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Prevention of brown-rot decay by chelators
1992 - IRG/WP 92-1540
In this work the brown-rot decay was shown to be prevented by chelating the endogenous metals existing in wood by using organic or inorganic chelators or iron-binding siderophores. The fungal growth and decaying ability were significantly decreased by the chelating treatments of the solid wood-based culture medium and pine wood pieces, respectively. The transition metals existing in native wood ar...
L Viikari, A-C Ritschkoff

The effect of low molecular weight chelators on iron chelation and free radical generation as studied by ESR measurement
2000 - IRG/WP 00-10367
The focus of this work was to improve our current knowledge of the non-enzymatic mechanisms involved in brown-rot decay. Electron Spin Resonance (ESR), also known as Electron Paramagnetic Resonance (EPR), is an attractive technique for the identification and study of chemical species containing unpaired electrons (such as radicals and certain transition metal species). ESR spin-trapping techniques...
Yuhui Qian, B Goodell

Wood degradation mechanisms by the brown rot fungus Gloeophyllum trabeum
1997 - IRG/WP 97-10229
A mechanism for the degradation of wood by the brown rot fungus Gloeophyllum trabeum is outlined. The mechanism includes the function of redox-cycling, low molecular weight phenolic derivatives which sequester and reduce iron in acidic environments. The role of oxalate for the sequestration of iron (hydr)oxides and the pH dependent transfer of iron to the G. trabeum phenolic chelators, as well as ...
B Goodell, J Jellison

Siderophore production by Trichoderma spp. and its importance in the biological control of wood decay fungi
1994 - IRG/WP 94-10070
Competition for iron as well as other micro-nutrients is an essential component of the microbial ecology of many ecosystems. A wide range of micro-organisms including fungi and bacteria have been shown to increase their ability to efficiently capture iron through the production of specialised iron chelating compounds called siderophores. Since iron is in low supply in wood and has been implicated ...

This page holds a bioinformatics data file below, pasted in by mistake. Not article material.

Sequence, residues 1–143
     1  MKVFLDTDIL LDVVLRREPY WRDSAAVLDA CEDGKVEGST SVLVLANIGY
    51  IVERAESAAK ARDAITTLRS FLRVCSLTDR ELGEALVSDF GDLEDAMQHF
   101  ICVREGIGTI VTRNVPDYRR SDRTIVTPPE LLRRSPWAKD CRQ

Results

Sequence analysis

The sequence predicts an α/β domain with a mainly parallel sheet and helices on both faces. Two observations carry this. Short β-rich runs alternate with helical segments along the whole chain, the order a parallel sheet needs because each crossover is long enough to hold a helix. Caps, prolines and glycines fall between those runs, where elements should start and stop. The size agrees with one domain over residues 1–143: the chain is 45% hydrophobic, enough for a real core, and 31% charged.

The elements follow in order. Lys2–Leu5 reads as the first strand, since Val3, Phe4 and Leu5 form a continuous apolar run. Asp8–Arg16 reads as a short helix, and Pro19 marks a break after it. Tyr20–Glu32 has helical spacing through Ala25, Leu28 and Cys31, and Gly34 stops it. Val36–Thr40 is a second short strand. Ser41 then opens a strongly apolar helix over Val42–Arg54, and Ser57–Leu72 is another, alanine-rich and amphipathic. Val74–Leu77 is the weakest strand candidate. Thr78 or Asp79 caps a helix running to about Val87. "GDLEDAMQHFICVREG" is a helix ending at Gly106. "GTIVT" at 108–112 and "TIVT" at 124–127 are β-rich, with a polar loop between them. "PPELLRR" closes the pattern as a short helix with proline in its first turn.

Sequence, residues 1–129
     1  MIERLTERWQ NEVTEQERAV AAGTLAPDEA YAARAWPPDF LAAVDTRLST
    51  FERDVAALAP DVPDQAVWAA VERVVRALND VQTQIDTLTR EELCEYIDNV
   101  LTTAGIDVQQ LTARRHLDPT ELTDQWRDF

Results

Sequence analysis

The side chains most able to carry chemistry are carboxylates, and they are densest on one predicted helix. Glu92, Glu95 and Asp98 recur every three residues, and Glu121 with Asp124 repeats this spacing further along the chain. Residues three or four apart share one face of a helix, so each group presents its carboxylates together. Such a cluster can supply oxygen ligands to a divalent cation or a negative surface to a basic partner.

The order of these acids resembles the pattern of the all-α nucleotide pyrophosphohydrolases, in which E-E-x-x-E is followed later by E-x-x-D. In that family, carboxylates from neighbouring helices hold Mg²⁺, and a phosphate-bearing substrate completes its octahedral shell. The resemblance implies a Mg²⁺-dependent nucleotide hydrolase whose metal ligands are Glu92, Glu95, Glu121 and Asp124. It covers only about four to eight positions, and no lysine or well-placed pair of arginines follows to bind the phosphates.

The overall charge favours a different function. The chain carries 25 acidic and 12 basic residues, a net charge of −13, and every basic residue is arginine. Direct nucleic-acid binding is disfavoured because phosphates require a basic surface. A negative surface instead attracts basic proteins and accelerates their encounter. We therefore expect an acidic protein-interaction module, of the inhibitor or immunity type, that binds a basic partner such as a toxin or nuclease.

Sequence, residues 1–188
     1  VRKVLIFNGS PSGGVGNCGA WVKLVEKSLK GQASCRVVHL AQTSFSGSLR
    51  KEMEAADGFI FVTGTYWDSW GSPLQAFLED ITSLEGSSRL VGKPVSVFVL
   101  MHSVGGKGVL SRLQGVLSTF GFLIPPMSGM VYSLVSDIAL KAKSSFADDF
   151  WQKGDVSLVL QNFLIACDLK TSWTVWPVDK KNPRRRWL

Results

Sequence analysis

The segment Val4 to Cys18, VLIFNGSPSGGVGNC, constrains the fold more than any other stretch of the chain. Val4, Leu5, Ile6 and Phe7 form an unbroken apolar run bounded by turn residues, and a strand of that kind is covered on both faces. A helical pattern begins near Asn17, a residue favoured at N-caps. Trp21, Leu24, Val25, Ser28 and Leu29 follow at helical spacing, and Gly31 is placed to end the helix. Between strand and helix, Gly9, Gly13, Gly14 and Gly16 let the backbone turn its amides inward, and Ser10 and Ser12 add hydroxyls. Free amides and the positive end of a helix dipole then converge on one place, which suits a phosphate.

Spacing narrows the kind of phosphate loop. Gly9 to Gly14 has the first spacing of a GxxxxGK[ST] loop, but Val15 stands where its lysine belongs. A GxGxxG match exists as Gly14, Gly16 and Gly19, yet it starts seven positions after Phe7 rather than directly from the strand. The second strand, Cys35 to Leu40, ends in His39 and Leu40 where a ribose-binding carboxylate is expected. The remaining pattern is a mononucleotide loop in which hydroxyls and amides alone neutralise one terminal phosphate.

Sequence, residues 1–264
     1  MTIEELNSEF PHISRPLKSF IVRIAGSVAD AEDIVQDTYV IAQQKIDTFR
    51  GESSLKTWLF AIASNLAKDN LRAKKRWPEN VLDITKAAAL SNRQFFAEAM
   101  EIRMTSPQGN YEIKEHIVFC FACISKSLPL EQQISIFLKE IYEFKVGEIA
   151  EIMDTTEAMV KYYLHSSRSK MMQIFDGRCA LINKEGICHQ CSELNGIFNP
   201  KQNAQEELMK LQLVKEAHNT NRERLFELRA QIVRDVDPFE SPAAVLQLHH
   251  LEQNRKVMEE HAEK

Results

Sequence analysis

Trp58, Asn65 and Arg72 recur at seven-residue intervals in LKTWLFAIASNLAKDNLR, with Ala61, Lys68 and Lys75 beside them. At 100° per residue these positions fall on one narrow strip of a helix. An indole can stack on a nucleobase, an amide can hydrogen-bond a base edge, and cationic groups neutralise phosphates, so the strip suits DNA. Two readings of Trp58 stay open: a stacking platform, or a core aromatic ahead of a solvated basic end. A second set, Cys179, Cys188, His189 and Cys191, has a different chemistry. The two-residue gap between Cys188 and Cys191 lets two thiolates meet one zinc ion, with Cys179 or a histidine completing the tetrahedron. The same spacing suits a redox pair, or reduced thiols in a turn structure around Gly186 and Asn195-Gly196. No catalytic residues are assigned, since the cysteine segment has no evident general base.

U Srinivasan, A Bruce, T L Highley

Preliminary studies of the performance of iron chelators as inhibitors of brown rot (Coniophora puteana) attack
1996 - IRG/WP 96-10185
This paper describes experiments to examine the proposal that the presence of iron is essential for brown rot fungi to utilize hydroxyl radicals remote from the hyphae as a means of converting the wood into a food source. reliminary test results are presented from trials using three different iron chelators impregnated into Scots pine (Pinus sylvestris) sapwood blocks. Their relative effects on th...
E D Suttie, R J Orsler, P M Wood

The role of oxygen and oxygen radicals in one-electron oxidation reactions mediated by low-molecular weight chelators isolated from Gloeophyllum trabeum.markup
1994 - IRG/WP 94-10086
The KTBA assay for determination of one-electron oxidation activity was used to assay reactions of low-molecular weight chelators isolated from the brown rot fungus Gloeophyllum trabeum. The assay, performed either under air or nitrogen showed that molecular oxygen was an important factor in chelator-mediated oxidation reactions. A reduction in oxidative activity was observed when superoxide dismu...
Jun Lu, B Goodell, Jiang Liu, A Enoki, J Jellison, H Tanaka, F Fekete

The Chelator Mediated Fenton System in the Brown Rot Fungi: Details of the Mechanism, and Reasons Why it has Been Ineffective as a Biomimetic Treatment in some Biomass Applications – a Review
2014 - IRG/WP 14-10828
The chelator-mediated Fenton (CMF) reaction requires the action of two types of chelating compounds. The first chelator, oxalate, solubilizes and then sequesters iron, and the second chelator reduces iron. Iron reduction must be controlled near the fungal hyphae to prevent damaging Fenton chemistry from occurring in that location. Similarly, iron reduction must be promoted within the wood/plant ce...
B S Goodell, M Nakamura, J Jellison